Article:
Holding a weight in just one hand (unilateral load) challenges your core to resist rotation, enhancing oblique strength and core stability too.
The act of holding a weight overhead activates all the muscles around the shoulders, including the smaller stabilizing muscles in the rotator cuff.
These muscles work together to maintain shoulder stability, making the overhead march exercise an effective movement that complements traditional exercises like lateral raises and shoulder presses.
This exercise not only strengthens these muscles but also enhances shoulder mobility too.
Overhead marches stands out from other loaded carries due to the marching component.
Lifting your knees to waist height with each step actively engages your hip flexors, the muscles that run from your lower spine to your upper thighs.
These muscles are vital for hip flexion, which involves raising your knees or moving your thighs towards your stomach.
Strong hip flexors contribute to improved posture by helping maintain proper alignment of your lower spine. They also play a key role in athletic performance, and help support movements like running, jumping, and kicking.
Overhead March Benefits
Bang for Your Buck
Overhead marches engage multiple muscle groups at once, from your core and shoulders to your lower body.
This makes it an efficient exercise that maximizes your workout time by providing a full-body workout in a single movement.
The exercise significantly engages the core muscles, enhancing their strength and stability. A strong core is fundamental for maintaining good posture, supporting the spine, reducing the risk of back pain, and improving overall body strength.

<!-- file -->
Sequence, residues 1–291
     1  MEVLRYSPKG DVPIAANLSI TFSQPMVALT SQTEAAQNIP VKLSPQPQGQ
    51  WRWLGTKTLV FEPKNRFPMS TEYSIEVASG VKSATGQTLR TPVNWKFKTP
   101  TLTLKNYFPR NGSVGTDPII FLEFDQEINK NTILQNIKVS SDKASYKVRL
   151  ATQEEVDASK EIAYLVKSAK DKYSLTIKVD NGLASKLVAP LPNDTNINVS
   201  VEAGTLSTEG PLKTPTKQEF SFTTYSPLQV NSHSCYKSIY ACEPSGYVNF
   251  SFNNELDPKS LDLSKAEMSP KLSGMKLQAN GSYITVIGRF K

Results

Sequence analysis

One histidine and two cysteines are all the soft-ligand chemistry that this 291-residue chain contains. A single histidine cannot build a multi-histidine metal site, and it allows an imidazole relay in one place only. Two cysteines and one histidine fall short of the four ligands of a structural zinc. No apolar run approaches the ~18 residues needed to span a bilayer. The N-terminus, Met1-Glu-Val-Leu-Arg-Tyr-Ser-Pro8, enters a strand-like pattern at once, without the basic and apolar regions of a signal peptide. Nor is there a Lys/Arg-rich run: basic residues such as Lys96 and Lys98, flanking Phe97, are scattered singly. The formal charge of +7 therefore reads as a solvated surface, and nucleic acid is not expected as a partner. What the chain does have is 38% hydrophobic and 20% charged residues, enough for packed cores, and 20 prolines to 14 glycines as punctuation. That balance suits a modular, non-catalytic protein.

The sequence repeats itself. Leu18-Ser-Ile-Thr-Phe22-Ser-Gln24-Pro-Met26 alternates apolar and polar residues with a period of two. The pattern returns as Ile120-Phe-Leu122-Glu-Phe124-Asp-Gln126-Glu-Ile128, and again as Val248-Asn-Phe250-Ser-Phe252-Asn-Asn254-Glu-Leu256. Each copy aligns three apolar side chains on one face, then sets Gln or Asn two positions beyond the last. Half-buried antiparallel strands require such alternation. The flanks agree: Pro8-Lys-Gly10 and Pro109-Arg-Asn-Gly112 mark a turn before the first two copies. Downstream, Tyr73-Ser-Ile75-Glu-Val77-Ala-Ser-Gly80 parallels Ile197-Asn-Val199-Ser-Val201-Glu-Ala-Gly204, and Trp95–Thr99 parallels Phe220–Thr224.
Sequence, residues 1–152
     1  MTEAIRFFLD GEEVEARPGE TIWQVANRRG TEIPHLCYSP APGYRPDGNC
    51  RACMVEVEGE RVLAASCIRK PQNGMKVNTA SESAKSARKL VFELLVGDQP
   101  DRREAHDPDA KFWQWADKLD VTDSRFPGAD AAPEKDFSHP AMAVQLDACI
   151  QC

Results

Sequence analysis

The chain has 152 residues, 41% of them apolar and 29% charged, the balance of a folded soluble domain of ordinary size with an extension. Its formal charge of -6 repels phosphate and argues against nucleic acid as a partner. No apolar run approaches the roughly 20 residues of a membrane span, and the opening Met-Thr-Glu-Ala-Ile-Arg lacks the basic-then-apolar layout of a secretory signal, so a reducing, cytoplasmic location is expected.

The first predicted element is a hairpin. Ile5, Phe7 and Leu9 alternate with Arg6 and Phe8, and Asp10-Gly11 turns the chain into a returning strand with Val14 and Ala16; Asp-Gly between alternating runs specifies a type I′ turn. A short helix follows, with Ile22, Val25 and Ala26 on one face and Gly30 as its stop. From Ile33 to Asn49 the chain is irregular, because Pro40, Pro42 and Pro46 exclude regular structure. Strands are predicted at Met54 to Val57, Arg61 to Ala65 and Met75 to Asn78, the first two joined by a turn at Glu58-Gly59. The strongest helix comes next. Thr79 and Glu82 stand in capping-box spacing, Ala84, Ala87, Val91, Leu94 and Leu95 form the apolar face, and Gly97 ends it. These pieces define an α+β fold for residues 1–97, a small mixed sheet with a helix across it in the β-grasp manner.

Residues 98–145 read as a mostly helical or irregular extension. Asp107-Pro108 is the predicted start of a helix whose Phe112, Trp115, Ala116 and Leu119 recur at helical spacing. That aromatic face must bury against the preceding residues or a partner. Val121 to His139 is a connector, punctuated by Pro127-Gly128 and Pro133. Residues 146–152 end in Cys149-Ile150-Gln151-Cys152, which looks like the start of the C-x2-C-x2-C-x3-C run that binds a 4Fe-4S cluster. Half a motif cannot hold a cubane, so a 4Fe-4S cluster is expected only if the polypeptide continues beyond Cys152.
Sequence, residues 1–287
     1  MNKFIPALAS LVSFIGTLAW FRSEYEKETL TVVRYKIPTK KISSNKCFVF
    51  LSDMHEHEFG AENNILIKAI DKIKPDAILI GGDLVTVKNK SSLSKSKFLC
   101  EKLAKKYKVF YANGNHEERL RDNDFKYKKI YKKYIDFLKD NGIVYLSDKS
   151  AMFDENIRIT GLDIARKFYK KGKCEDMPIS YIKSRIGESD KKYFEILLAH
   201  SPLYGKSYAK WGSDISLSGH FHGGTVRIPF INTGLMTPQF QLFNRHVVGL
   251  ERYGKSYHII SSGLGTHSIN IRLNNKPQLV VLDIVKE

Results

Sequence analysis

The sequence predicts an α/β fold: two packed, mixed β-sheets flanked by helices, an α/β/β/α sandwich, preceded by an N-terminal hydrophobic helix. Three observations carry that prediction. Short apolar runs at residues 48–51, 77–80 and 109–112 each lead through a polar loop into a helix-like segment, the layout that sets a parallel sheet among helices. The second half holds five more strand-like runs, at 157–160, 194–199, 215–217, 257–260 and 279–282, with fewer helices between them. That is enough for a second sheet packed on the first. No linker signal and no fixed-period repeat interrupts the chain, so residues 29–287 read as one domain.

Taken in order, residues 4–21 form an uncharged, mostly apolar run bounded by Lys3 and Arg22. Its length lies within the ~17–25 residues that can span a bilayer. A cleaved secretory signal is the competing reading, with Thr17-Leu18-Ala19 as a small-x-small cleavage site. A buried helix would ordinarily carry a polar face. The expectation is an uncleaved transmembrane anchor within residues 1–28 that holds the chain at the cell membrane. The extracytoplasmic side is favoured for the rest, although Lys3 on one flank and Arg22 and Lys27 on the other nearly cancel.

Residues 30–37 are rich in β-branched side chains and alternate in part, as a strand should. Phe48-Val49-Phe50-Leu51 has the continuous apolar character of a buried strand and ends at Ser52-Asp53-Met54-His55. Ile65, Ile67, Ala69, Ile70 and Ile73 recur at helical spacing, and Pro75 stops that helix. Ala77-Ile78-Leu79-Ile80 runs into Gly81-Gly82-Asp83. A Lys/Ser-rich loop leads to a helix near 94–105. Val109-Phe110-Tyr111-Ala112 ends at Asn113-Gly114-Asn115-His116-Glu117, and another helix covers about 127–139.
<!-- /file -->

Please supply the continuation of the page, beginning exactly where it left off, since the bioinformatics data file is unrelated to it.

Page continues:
If you’re tired of crunches, sit ups and planks, this approach to core strengthening might help refresh an ab workout routine that’s going nowhere.
Improve Shoulder Health
Holding a weight overhead works the deltoids, improving both their strength and mobility. This can enhance your ability to perform overhead activities and can contribute to better performance in sports and workouts that require shoulder strength.
Powell raises are another exercise we’d recommend when it comes to improving shoulder stability and health.
Marching on the spot may seem quite simple… but it’s a really effective way to instantly kick the hip flexors into gear.
Stronger hip flexors help to promote better stability around the hips, which can promote better posture and athletic performance.
Sedentary lifestyles often mean hip flexors don’t get activated as much as they should, so any movement that “wakes” them up is certainly useful to know.
Stretching the Hip Flexors
Lower Body Activation
The marching movement strengthens the lower body muscles, including the quadriceps, hamstrings, and glutes. This can improve your performance in activities that require lower body strength, such as running, jumping, and climbing the stairs.
Balance and Coordination